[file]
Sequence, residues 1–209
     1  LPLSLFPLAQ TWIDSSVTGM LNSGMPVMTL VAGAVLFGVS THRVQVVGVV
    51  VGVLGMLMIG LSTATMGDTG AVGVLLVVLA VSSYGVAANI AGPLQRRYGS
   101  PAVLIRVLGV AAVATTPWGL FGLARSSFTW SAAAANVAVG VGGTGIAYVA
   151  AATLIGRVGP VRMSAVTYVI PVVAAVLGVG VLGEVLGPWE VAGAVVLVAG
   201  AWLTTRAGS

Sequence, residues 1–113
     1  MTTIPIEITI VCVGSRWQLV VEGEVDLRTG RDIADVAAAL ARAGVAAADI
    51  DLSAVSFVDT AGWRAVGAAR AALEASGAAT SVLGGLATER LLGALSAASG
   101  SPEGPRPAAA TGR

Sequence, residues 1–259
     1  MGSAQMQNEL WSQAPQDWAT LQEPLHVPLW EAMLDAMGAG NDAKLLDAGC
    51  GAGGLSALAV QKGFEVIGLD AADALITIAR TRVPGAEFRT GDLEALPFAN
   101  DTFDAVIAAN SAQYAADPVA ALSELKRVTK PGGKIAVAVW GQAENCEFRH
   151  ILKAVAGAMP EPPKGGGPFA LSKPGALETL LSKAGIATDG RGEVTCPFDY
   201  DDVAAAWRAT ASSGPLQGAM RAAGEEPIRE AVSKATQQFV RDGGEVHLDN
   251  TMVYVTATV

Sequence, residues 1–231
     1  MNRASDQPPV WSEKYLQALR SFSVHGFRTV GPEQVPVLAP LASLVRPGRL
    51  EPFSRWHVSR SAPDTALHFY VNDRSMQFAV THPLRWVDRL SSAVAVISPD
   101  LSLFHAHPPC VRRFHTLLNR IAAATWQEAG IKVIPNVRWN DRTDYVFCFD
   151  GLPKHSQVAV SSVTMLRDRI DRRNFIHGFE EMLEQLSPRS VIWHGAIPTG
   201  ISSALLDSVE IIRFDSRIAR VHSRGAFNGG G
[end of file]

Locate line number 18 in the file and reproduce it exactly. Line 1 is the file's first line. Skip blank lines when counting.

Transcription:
Sequence, residues 1–231